Q My family has welcomed a Ukrainian refugee and her two children into our home. I remember reading something in our home-insurance policy terms about having to declare if there is a change in the number of people resident at the property. Will this apply in this case? Even though it will hopefully, for their sake, only be for a short period.
A Generally speaking, a household should inform their insurer about any significant changes to their home, such as taking in new long-term residents, in order to understand any changes in their cover requirements. Their premium could change as a result of this, and some policy conditions may apply if the new residents are not immediate family or named policyholders, according to Elaine Kearney of Aviva Insurance Ireland. However, in the case of housing Ukrainian refugees many providers, such as Aviva, have waived this condition due to the unprecedented circumstances, and in line with Government efforts to find housing solutions for those arriving here to escape the war.
Insurers are treating refugees as guests meaning, in your case, that you don’t have to inform your provider that they are staying with you, Ms Kearney said. They will be covered by your policy in the same way as guests living in the home, she said. Over the longer term, if your policy is due for renewal within the first 12 months of the refugees living with you, you will need to inform your provider. If, after 12 months, any individuals or family are still living with you, then you should tell your insurer when your policy is next due for renewal, she said.
Q I have money to invest but want zero risk. I am considering gold but have no idea who to contact. Can you give any advice please?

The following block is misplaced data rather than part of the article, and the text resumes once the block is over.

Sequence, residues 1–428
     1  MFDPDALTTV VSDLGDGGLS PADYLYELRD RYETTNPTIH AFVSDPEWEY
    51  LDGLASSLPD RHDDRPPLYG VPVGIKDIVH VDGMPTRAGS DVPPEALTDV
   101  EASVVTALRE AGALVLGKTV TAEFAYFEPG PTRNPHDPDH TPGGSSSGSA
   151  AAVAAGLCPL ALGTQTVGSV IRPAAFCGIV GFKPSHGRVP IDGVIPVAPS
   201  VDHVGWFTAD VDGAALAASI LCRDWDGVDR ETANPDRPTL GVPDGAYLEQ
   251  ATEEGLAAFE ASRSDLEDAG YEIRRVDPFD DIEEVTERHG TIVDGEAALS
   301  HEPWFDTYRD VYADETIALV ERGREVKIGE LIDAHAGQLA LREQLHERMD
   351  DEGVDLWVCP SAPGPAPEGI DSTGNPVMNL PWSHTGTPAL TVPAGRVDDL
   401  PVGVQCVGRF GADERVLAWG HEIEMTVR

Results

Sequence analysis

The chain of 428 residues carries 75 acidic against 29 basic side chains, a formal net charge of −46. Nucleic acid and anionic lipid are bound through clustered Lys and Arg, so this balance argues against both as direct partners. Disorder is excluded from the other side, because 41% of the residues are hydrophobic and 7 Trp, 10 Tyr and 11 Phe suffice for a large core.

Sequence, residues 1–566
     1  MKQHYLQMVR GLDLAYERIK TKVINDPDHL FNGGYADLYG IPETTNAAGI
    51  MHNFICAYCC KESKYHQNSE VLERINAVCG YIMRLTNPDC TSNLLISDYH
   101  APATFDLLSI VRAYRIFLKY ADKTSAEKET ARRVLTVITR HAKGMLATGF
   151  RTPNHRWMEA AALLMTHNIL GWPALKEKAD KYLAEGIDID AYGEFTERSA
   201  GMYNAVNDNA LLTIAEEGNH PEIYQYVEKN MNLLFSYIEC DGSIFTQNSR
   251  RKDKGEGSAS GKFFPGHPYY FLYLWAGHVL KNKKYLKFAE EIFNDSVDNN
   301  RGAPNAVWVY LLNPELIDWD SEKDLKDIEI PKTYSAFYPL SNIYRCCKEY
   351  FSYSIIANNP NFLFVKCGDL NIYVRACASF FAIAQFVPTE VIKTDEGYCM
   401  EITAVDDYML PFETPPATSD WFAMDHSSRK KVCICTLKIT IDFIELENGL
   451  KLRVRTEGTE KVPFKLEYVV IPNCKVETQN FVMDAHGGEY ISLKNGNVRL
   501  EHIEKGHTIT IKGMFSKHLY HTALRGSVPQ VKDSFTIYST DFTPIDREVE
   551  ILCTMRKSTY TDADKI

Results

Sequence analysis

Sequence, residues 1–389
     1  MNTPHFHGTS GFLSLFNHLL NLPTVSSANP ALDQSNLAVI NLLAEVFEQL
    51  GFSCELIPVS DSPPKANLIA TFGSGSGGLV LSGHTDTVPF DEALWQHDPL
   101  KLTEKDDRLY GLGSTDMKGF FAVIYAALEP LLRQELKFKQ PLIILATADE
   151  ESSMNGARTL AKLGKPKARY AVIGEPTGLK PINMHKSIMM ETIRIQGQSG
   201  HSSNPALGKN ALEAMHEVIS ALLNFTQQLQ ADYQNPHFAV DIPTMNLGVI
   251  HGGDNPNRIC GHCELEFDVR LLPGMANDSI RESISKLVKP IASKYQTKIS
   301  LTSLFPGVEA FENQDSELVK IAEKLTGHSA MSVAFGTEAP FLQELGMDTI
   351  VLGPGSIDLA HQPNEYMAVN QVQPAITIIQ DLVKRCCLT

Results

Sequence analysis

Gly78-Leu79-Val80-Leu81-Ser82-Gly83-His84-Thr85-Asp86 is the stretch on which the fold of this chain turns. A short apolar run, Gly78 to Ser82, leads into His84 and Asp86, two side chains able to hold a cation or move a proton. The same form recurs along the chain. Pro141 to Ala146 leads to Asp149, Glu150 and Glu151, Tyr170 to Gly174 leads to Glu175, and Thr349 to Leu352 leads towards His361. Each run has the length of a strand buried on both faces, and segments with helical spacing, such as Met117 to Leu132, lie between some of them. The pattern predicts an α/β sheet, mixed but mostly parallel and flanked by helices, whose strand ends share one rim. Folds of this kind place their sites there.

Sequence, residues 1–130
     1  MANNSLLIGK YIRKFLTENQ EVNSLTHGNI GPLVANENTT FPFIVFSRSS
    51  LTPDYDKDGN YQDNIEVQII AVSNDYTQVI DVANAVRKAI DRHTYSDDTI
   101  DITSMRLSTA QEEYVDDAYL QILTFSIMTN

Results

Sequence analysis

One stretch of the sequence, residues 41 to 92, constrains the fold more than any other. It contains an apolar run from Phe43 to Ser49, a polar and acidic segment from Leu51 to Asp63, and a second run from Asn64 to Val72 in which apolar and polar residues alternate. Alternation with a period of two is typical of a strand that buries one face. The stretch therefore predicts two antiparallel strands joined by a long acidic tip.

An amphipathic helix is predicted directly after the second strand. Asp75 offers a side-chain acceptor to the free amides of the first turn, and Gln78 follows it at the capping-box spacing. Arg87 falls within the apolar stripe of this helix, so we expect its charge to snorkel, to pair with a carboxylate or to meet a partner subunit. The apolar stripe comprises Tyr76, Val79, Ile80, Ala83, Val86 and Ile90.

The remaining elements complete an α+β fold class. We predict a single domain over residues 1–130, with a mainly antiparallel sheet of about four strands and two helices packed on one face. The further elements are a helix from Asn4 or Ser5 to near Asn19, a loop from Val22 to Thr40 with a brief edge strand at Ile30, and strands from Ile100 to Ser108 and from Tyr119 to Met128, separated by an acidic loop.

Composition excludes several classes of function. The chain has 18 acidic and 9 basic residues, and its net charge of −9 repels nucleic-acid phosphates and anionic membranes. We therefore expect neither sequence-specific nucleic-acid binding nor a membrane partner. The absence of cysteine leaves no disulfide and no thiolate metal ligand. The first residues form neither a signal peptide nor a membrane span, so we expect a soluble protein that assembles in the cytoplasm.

A Interest rates are at historic lows. Some banks are imposing negative interest on some accounts – charging you to hold your money. So it is understandable that many people are seeking alternative investments in the hope of getting some level of a return or at least keeping up with inflation. There is a rule of thumb that must be considered when thinking about investing, Liam Ferguson, who is principal financial brokers FergA.com.
The lower the risk of any investment, the lower the potential return and vice versa. Any investment with zero risk will deliver a zero return or worse right now, he said. If someone tries to sell you an investment with low or no risk, but the potential for great returns, be deeply suspicious of both the person and the product.
In the current climate, low or no risk and good returns are an either/or choice, Mr Ferguson said.
Gold tends to swing into favour as an investment in times of uncertainty and indeed war, as it is perceived as a “safe haven”. This popularity tends to cause the price of gold to rise during uncertain times as investors seek safety. But gold is not zero risk or even low risk and can be very volatile at times.
For example, between October 2012 and December 2015 the price of gold dropped by over 40pc.
It recovered but it took until summer of 2020 before it reached the same price it had been in October 2012.
Mr Ferguson said gold is not a low-risk investment. Instead of looking for returns on zero risk investments, in 2022 the question needs, he said, to be how much risk are you willing to accept in return for potentially greater returns?
Q My husband and I both work in civil service. We are currently earning a combined €80,000 per annum. We have managed to save €17,000. We have never had any loans or debt. Could we get a mortgage? We work in Dublin but hope to buy at home in Cork.
A You are very suitable mortgage candidates, according to Joey Sheahan, head of credit at online broker MyMortgages.ie.
You should be able to borrow three-and-a-half times your income which is €280,000. He said you may also qualify for an exemption, meaning you could potentially borrow up to maybe €320,000-€360,000. Based on your current monthly savings amount, in one year your savings will increase by €15,000, which means you will have €32,000. This would allow you to purchase a home for €320,000. The average house in Cork City is €313,000. As long your employer confirms in writing that its ok for you to work from Cork, there is no issue buying a house to live in Cork, Mr Sheahan said.